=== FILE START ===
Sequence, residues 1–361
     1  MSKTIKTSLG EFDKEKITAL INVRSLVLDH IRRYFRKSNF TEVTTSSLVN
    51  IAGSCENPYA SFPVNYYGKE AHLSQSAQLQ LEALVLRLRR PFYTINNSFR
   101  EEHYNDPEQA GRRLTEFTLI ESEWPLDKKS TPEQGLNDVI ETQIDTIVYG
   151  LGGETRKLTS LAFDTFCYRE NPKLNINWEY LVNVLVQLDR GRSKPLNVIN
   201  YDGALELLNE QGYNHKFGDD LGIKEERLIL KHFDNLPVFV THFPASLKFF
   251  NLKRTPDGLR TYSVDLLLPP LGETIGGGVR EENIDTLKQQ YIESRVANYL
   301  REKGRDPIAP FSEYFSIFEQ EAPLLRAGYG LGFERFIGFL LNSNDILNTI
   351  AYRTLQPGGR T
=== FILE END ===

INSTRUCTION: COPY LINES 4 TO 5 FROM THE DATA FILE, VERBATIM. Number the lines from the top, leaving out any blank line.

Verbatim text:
   101  EEHYNDPEQA GRRLTEFTLI ESEWPLDKKS TPEQGLNDVI ETQIDTIVYG
   151  LGGETRKLTS LAFDTFCYRE NPKLNINWEY LVNVLVQLDR GRSKPLNVIN